I’m Tudor Dixon: This is why I want Michigan’s vote in the midterm election as this year’s Republican wave moves through the state.
Tuesday, October 9, 2016
The American Conservative
I find it odd that some of my colleagues seem not to think that the Trump-Clinton race in Michigan has anything to do with anything in terms of voter behavior.
I am more struck by the fact that I’ve never seen any of my colleagues even address the issue of voter behavior that has been the focus of numerous progressive activists and political commentators in the last 10 years.
Voter behavior is a huge topic, and one that I think most people in America haven’t been talking about for several decades.
It’s the elephant in the room: why, if you’re a voter who thinks that a candidate meets your political needs, is there a reason that the candidate’s opponent is running against you?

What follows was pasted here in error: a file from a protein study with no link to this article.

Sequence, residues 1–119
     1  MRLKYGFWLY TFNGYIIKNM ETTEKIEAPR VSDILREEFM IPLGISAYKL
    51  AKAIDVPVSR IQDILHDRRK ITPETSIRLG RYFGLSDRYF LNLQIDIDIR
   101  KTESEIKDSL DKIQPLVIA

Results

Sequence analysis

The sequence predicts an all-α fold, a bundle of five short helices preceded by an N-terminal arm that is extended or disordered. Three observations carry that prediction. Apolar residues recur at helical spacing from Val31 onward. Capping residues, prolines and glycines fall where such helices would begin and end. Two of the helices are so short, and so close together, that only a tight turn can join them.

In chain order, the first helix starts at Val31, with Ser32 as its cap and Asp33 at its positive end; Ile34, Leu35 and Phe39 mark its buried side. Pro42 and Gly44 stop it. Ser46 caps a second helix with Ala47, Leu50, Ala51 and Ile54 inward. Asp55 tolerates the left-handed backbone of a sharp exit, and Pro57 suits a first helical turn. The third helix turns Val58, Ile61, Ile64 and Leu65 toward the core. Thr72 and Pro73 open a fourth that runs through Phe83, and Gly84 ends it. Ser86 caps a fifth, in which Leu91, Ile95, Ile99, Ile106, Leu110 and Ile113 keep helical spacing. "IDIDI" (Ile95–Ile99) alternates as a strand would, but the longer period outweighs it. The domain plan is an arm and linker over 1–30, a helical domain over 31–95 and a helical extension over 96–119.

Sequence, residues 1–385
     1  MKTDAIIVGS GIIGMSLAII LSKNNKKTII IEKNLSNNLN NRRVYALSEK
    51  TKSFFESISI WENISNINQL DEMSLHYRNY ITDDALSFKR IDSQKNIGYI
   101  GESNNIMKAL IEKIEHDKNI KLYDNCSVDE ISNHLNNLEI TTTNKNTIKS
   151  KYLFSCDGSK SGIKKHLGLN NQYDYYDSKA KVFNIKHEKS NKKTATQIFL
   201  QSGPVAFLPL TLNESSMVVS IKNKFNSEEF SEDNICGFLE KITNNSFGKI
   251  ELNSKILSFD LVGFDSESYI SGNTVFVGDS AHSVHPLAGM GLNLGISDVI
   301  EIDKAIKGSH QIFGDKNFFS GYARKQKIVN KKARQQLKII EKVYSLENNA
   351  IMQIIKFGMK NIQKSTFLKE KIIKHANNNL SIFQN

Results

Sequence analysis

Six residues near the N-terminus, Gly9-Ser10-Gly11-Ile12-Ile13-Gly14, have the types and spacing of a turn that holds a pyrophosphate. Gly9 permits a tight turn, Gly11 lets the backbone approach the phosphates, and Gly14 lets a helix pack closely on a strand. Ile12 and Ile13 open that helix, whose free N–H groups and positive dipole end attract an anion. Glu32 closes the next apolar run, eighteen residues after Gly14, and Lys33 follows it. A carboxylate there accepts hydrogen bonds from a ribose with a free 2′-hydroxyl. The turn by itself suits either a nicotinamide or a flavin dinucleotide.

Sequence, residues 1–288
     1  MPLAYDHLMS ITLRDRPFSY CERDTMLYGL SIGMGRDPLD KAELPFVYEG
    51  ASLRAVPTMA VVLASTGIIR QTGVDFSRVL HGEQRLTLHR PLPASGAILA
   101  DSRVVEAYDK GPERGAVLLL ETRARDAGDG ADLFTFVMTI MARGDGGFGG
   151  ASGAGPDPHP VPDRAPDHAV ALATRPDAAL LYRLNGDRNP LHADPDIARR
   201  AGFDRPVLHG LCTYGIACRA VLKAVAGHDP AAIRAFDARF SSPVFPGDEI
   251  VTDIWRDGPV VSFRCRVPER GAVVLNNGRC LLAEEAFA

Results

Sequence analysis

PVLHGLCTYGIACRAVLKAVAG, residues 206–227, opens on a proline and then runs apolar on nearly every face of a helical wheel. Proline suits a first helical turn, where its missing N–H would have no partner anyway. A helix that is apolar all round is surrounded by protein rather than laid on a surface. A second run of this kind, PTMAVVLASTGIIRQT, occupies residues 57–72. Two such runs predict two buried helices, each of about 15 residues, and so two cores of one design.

I’ve had some pretty good conversations with some of the same people at a few presidential levels in my life. The ones with which I’ve had a long conversation have been with the likes of George H. W. Bush, Bill Clinton, George Bush, Lyndon Johnson, Richard Nixon, and Teddy Roosevelt.
And some of those political conversations I’ve had have been with people who are now dead.
At those times, I didn’t see why they or I hadn’t recognized that the way that people voted did not impact the outcome of an election that had a lot on the line, especially in today’s world with the way the electorate is looking for the next president.
What’s surprising to me is that there are political commentators — or I should say those who are political commentators — who are still concerned that the way that Americans vote is so important in the electoral process that we shouldn’t have people from some other country coming to America to vote.
I find it curious how many people I’ve talked to (for instance) about the presidential vote in Michigan’s Republican presidential primary